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Imagine that you’re taking a class on Victorian poetry in which you’ve been reading Christina Rossetti’s poem “Goblin Market” and discussing its depiction of Victorian sexuality. This poem tells the story of two young women who are tempted to buy fruit from goblin men. One of the girls, Laura, succumbs to the temptation. Though she initially experiences erotic fulfillment through her consumption, she quickly becomes addicted to the fruit and wastes away. Her friend, Lizzie, saves her from the goblins’ spells, and the poem closes with a reflection upon their friendship after Laura and Lizzie are both wives with children.

You’ve been given the following prompt: Write a 4 to 5-page paper about what the fruit in “Goblin Market” represents and what it means for Laura and Lizzie’s subjectivity.

You decide to write a paper with the following claim:

Though “Goblin Market” seems to be a poem that resists sexuality altogether, it actually take a celebratory stance towards female love and eroticism. It is the male commodification of female sexuality that it derides.

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Because “Goblin Market” is a lengthy poem, you choose to focus on the following stanza just before the poem’s close:

“That night long Lizzie watch’d by her [Laura],
Counted her pulse’s flagging stir,
Felt for her breath,
Held water to her lips, and cool’d her face
With tears and fanning leaves:
But when the first birds chirp’d about their eaves,
And early reapers plodded to the place
Of golden sheaves,
And dew-wet grass
Bow’d in the morning winds so brisk to pass,
And new buds with new day
Open’d of cup-like lilies on the stream,
Laura awoke as from a dream,
Laugh’d in the innocent old way,
Hugg’d Lizzie but not twice or thrice;
Her gleaming locks show’d not one thread of grey,
Her breath was sweet as May
And light danced in her eyes.”

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Which of the following reasons support this claim?

Claim: Though “Goblin Market” seems to be a poem that resists sexuality altogether, it actually take a celebratory stance towards female love and eroticism. It is the male commodification of female sexuality that it derides.

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  • A. Equating Lizzie’s carnality with nature implies that female sexuality is beautiful and without guile.

  • B. Lizzie’s health returns with the morning, a symbol of new beginnings.

  • C. The poem’s penultimate stanza equates innocence with sexuality.

  • D. Laura wakes up “as from a dream,” showing that her relationship with Lizzie is more based in reality than her interactions with the goblin men.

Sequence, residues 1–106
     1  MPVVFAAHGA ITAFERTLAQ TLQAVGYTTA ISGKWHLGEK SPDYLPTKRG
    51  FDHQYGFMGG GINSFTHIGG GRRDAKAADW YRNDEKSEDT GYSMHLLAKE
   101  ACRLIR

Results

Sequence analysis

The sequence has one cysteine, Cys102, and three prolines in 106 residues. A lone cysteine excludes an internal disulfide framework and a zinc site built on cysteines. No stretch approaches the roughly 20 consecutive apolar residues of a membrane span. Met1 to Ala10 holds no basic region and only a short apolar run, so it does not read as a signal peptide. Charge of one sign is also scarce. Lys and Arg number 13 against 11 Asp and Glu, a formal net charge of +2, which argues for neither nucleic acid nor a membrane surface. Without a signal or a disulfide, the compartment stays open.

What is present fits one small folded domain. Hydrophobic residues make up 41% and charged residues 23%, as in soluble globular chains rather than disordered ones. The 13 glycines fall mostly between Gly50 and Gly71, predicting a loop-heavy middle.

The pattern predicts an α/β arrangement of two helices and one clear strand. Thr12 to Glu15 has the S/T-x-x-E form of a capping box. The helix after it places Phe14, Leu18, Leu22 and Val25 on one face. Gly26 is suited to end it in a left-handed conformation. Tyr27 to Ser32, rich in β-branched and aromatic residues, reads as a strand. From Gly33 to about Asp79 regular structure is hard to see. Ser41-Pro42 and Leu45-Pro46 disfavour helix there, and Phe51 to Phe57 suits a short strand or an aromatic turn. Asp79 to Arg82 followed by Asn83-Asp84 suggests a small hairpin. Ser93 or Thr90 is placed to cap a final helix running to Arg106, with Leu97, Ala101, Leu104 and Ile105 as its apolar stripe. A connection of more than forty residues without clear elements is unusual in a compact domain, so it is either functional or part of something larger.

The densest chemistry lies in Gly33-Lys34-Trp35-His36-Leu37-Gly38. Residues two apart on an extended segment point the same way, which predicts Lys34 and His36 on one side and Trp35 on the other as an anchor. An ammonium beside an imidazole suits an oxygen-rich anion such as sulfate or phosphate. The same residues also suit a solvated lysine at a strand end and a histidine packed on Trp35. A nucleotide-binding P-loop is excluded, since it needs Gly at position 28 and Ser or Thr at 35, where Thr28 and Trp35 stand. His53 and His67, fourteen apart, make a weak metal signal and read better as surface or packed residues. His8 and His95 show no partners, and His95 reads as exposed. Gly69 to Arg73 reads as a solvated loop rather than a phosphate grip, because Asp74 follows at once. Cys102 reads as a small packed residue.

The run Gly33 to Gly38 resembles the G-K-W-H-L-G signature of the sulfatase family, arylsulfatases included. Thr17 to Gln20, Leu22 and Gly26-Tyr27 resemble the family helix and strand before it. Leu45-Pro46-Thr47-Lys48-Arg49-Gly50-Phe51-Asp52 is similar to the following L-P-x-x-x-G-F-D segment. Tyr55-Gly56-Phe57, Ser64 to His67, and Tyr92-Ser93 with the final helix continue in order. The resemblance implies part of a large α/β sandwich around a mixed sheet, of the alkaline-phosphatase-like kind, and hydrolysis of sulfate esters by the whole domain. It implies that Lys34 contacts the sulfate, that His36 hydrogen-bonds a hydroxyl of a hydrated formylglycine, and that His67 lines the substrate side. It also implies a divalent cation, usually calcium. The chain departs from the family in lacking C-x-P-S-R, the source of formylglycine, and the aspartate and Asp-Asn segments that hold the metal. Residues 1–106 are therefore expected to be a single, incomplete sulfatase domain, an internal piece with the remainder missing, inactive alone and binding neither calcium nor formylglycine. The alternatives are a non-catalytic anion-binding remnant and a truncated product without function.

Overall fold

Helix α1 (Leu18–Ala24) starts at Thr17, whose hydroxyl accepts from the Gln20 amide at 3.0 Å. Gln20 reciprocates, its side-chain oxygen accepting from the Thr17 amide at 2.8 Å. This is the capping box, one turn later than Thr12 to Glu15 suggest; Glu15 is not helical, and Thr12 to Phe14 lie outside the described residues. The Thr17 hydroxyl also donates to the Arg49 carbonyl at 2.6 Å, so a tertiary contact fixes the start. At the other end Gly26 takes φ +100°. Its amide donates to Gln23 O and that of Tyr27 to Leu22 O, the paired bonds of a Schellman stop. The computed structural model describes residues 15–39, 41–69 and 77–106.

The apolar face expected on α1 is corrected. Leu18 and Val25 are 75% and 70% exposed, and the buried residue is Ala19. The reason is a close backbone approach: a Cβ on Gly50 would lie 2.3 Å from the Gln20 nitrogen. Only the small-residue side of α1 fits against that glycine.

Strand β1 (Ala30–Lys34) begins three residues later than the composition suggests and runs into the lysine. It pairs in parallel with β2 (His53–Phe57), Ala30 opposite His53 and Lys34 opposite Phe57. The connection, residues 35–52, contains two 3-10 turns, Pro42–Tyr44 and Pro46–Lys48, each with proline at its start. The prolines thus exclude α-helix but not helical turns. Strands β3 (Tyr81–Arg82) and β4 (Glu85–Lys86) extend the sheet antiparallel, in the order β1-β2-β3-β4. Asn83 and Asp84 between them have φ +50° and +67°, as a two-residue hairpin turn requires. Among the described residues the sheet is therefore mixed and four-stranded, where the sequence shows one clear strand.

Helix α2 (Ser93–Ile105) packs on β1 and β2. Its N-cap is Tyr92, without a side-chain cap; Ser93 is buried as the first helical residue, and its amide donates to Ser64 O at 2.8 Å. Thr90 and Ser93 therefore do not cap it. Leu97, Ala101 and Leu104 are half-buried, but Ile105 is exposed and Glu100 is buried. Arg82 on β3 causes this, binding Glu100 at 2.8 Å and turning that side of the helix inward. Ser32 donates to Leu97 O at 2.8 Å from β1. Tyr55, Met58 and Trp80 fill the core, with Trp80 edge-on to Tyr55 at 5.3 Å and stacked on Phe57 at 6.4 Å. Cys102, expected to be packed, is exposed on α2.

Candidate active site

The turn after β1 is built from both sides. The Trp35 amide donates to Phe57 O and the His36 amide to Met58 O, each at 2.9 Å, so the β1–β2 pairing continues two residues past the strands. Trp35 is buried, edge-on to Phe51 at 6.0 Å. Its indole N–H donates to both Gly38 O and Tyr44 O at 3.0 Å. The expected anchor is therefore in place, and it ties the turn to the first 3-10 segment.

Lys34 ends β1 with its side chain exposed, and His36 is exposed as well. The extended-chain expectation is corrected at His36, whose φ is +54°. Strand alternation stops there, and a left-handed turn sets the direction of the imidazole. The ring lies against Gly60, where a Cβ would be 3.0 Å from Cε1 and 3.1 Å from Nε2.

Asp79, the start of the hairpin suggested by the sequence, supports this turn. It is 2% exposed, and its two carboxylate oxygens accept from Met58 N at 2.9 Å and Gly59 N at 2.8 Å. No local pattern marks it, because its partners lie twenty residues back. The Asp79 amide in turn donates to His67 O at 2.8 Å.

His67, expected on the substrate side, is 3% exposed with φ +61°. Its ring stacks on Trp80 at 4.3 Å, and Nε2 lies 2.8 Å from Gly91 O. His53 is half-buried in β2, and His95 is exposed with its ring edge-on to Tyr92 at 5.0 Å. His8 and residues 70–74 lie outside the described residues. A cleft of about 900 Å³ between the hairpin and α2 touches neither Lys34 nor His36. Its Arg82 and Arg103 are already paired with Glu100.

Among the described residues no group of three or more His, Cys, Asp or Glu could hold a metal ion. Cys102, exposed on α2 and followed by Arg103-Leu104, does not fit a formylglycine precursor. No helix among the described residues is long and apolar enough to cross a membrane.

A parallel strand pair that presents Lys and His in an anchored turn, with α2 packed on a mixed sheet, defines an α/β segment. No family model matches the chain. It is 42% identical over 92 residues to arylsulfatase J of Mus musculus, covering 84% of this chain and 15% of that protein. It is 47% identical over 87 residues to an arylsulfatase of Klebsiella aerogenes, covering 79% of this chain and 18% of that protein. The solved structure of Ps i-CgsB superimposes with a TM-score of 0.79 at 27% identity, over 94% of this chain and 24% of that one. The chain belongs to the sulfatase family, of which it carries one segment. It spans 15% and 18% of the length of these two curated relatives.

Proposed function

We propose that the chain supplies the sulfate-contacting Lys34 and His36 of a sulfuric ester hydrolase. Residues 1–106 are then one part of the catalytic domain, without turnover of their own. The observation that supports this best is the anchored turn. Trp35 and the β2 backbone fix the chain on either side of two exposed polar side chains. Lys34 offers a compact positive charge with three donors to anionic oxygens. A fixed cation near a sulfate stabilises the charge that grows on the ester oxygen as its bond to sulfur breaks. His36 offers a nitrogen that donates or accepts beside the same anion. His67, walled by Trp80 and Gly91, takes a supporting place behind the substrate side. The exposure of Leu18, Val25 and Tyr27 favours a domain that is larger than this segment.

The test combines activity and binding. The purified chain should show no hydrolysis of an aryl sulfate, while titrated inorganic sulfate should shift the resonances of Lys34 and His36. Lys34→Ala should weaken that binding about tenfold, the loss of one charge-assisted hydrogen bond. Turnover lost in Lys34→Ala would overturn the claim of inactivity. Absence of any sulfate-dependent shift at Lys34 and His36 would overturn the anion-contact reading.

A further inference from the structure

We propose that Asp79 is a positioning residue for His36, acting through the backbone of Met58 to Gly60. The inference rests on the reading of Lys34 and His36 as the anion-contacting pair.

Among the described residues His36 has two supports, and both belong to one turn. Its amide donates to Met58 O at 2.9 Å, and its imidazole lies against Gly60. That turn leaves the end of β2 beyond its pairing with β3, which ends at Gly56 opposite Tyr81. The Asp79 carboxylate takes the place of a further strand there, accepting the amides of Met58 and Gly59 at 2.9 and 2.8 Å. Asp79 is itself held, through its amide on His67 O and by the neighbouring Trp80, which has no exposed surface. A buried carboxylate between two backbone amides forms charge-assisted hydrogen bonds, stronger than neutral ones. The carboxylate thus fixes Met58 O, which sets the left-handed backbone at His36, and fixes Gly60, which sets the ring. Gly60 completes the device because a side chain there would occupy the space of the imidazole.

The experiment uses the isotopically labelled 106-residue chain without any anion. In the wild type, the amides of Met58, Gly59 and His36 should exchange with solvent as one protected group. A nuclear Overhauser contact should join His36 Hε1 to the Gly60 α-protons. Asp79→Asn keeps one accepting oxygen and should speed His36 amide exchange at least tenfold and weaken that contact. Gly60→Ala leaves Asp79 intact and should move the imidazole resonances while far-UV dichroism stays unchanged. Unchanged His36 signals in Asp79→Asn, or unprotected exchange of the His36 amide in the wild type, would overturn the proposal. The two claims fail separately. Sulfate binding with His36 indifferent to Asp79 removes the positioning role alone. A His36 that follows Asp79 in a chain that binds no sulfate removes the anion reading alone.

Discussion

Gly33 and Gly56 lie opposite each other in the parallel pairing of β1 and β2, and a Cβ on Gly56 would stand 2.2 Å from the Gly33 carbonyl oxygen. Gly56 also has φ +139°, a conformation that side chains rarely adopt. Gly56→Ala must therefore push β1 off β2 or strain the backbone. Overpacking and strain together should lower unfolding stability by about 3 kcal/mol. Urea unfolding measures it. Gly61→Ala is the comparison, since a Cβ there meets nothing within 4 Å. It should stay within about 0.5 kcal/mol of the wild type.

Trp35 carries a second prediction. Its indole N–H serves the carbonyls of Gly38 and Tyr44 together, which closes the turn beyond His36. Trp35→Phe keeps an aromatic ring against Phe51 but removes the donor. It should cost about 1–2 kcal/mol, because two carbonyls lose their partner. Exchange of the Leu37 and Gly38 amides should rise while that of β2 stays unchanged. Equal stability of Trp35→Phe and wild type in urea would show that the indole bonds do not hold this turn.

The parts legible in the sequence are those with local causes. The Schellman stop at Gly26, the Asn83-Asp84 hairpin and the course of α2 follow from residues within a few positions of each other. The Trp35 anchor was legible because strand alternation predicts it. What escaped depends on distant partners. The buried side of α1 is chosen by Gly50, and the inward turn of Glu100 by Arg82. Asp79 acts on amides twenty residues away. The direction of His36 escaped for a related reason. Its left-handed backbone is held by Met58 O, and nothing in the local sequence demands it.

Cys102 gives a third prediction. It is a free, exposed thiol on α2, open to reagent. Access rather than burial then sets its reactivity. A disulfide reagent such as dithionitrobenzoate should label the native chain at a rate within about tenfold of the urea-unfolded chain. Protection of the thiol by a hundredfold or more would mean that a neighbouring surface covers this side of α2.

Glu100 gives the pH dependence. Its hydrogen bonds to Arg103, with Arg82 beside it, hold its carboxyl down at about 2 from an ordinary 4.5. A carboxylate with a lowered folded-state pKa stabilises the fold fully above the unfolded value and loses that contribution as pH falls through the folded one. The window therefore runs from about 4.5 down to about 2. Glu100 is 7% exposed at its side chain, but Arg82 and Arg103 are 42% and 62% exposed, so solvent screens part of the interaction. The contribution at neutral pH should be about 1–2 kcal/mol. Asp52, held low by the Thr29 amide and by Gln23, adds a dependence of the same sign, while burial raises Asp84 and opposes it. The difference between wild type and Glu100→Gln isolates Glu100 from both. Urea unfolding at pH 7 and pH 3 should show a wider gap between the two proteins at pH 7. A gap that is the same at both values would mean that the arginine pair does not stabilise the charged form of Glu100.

• E. Equating health with youth (Laura’s hair turns blond again when she recovers) shows the poem’s preoccupation with aesthetics and beauty.

  • F. Lizzie’s love for Laura is self-sacrificing and unselfish, because Lizzie tends Laura all night long until she gets well.

  • A. Correct! This reason relates to the themes in the claim that sexuality itself is not derided in the poem.

  • A. Sorry. This reason relates to the themes in the claim that sexuality itself is not derided in the poem. Try again.

  • B. Sorry. While it’s true that rebirth is a key part of the stanza, your claim does not engage with this aspect of the poem. Try again.

  • C. Correct! This reason relates to the themes in the claim that sexuality itself is not derided in the poem.

  • C. Sorry. This reason relates to the themes in the claim that sexuality itself is not derided in the poem. Try again.

  • D. Correct! This reason relates to the themes in the claim that it is male commodification of female sexuality that the poem derides.

  • D. Sorry. This reason relates to the themes in the claim that it is male commodification of female sexuality that the poem derides. Try again.

  • E. Sorry. While this stanza does illustrate the poem’s preoccupation with physical beauty and youth, these concerns do not relate to the claim’s themes. Try again.

  • F. Correct! This positive view of the poem’s relationship to female love relates to the claim’s point that male commodification of sexuality, not sexuality itself, is the problem in the poem.

  • F. Sorry. This positive view of the poem’s relationship to female love relates to the claim’s point that male commodification of sexuality, not sexuality itself, is the problem in the poem. Try again.

Submit<

Now that you’ve settled on your reasons, you need to decide what kind of argument you want to make. Which of these three organizational frameworks do you think best fits this claim and its reasons?

  • Parallel reasons<

  • Stacked reasons<

  • Point-counterpoint-synthesis

  • Parallel reasons are most effective when you want to draw attention to a repeated pattern or a similar formal device that occurs again and again throughout a piece. Look again at your reasons: instead of pointing out repetition, they are making a logical argument. Try again.

  • Correct. Stacked reasons are a good choice when you're making an argument that requires that your reader accept certain conditions in order to understand or accept other ones.

  • Point-counterpoint-synthesis is effective when you're making an argument that seeks to pit two sides against each other, only to show that they can be combined into an overall claim. The reasons here all point to an overarching theme--that of female love and eroticism--rather than to disparate ideas, and so there isn't a conflict within them as they are currently written. Try again.

Now that you’ve selected your reasons and decided that you’re writing a paper where stacked reasons make the most sense, drag the reasons into the order they should appear in your outline.

Claim: Though “Goblin Market” seems to be a poem that resists sexuality altogether, it actually take a celebratory stance towards female love and eroticism. It is the male commodification of female sexuality that it derides.